It's Boot Camp For New Dads, a national program offered in Lorain and Avon Lake by Community Health Partners' Family Outreach Center. The free, single-session classes meet the second Saturday of every month to unite veteran fathers with rookie dads who are preparing to join the ranks.
Dr. Tom Smith, a pediatrician and Boot Camp volunteer, explains that the nonprofit organization is the brainchild of a trauma-care consultant bothered by too many cases of Shaken Baby Syndrome. "They weren't bad parents," he says. "They just didn't know what to do."
So the emphasis is on preparing new dads for the pressures that lay ahead alongside the joys.
Emulating Cosby"When your baby's crying, break the problem down like you'd diagnose a car," advises Bryan Goldthorpe, a golf-course superintendent and veteran dad who's brought along 6-month-old Alexis. "If things don't work out, make sure your baby's in a safe place, then walk away until you cool down."
The men here today live in Lorain County or western Cuyahoga County and range in age from their early 20s to 40. Their ranks includes a pharmacist, a lab technician, a salesman, a cop, a lawyer and a part-time farmer. When asked why they signed up, however, many share a common response: Their own fathers were too busy and, even when around, too distant.
Boot Campers want to be Bill Cosby dads. To Don Brill, that will mean giving up the farming he loves but which hasn't yet become more than a time-consuming hobby. And pharmacist Steve Miller knows he's going to have to find a work schedule more conducive to involved parenting than his current third shift.
But while today's dads want to devote more time to child-raising, circumstances can dictate otherwise. New father Sam Carrington shows off his nifty combination briefcase and diaper bag while explaining how young Chase has necessitated finding ways to supplement Carrington's primary career in photography.
Patience is a buzzwordTerry Charlton and his wife must learn to juggle two law careers. "Maybe she can take off a day or two a week and I can do some work from home," he says, shrugging off the details that haven't been ironed out. "It's worth it, so we'll make it work."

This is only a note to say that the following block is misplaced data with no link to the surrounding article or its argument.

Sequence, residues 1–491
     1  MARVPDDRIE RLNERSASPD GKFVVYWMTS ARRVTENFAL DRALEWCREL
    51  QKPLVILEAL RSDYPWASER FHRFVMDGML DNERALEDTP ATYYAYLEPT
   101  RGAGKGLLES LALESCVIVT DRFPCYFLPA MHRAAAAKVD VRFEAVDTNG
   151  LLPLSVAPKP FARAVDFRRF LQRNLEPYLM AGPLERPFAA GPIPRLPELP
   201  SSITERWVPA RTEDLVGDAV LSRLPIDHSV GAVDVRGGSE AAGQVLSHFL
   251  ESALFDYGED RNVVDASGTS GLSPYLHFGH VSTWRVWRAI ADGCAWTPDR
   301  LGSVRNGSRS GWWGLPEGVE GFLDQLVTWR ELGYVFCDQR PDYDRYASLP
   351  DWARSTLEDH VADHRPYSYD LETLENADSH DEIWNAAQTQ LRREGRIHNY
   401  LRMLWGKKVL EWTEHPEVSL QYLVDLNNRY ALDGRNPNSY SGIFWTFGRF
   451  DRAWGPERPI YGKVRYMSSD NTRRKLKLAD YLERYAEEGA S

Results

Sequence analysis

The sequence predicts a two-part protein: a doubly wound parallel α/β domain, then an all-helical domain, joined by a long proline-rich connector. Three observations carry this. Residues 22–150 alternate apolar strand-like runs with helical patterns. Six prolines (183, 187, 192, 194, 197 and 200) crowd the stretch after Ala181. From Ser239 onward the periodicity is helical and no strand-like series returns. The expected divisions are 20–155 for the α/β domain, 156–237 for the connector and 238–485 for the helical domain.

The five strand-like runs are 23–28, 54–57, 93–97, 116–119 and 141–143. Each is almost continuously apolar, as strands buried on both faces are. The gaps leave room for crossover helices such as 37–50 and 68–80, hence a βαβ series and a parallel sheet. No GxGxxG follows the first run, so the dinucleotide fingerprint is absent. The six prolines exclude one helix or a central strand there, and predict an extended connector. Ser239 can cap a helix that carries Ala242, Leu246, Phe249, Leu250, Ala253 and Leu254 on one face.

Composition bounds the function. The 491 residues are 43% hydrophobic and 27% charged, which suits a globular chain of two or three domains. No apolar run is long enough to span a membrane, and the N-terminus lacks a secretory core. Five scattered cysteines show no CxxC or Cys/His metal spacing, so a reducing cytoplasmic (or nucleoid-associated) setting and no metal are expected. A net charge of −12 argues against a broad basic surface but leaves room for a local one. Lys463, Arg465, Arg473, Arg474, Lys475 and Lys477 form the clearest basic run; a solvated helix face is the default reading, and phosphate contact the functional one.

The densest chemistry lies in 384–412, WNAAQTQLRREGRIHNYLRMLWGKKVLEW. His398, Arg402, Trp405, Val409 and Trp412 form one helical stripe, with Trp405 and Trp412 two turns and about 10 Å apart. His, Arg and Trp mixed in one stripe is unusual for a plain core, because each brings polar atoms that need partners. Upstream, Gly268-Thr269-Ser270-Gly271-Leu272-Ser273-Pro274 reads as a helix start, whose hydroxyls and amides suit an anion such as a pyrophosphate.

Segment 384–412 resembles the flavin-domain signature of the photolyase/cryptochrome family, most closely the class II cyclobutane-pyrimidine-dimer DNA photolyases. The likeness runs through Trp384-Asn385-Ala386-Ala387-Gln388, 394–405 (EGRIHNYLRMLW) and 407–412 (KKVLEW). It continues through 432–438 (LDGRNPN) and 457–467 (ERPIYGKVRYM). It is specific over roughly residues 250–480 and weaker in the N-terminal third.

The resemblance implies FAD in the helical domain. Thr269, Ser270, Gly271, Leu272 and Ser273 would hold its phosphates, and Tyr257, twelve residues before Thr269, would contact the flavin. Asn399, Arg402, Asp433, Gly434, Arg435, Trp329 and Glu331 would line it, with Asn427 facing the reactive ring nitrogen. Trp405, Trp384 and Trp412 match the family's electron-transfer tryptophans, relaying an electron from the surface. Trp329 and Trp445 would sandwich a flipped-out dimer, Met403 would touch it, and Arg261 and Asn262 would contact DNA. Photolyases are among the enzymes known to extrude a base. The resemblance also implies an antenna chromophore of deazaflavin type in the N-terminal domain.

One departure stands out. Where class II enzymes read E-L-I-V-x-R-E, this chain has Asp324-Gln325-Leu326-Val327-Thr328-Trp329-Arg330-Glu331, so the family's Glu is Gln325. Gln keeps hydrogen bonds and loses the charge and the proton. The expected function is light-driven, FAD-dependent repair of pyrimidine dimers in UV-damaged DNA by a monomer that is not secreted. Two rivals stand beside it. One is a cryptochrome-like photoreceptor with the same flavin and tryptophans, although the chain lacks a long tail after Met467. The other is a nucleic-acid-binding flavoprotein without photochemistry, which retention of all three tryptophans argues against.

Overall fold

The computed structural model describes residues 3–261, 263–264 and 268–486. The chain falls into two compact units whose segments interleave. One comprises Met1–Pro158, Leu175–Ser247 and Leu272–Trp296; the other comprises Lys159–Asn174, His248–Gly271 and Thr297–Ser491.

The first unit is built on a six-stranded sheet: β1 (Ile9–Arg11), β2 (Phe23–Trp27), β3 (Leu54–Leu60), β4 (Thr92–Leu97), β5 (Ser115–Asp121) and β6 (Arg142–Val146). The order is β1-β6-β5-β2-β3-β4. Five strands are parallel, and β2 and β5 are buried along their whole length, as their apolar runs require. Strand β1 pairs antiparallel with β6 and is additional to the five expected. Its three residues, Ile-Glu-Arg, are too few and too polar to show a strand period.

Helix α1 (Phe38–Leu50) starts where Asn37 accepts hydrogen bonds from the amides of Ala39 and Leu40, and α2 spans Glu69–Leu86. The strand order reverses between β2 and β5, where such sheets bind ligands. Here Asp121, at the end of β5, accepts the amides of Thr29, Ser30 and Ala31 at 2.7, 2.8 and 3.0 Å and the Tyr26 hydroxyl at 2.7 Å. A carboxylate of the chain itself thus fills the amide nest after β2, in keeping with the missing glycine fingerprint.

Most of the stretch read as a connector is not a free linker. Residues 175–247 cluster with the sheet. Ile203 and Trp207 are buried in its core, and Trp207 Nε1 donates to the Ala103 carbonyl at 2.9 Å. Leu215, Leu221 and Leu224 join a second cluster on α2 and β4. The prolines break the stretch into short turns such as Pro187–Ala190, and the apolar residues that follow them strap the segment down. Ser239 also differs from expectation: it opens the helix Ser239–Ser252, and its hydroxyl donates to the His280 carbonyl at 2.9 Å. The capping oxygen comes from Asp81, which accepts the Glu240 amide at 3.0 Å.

Charlton is 40 and admits to crunching the numbers: "I think about how old I'll be when my child graduates..." His voice trails off before he adds, "But patience increases with age."
|Boot Camp For New Dads is offered in the Cleveland area at Community Health Partners in Lorain. Call Tom Stuebner at the Family Outreach Center, (440) 233-1047. The free program is also offered at Akron General Medical Center and Southwest General Health Center in Middleburg Heights. More information is available at www.newdads.com.|
The room goes silent.
While much of the program has a feel-good, bonding quality, practical tips include how one dad taped the sound of the vacuum cleaner because it lulled his child to sleep. Another placed his baby, in babyseat, on top of the dryer to replicate the comforting vibes of a car in motion.
Even superdads can come off like Adam Sandler. At one point, Stuebner sniffs the air before nodding toward the toddling son of assistant coach Jim Glowacki. "I think Ryan did something."
Glowacki mulls this over. "Oh, you mean he..."
"Yeah," says Stuebner.
Only momentarily does the mask of paternal composure slip before Glowacki turns to a fellow dad. "Bryan, can I borrow some wipes? That's the one thing I forgot to pack." Cosby could relate.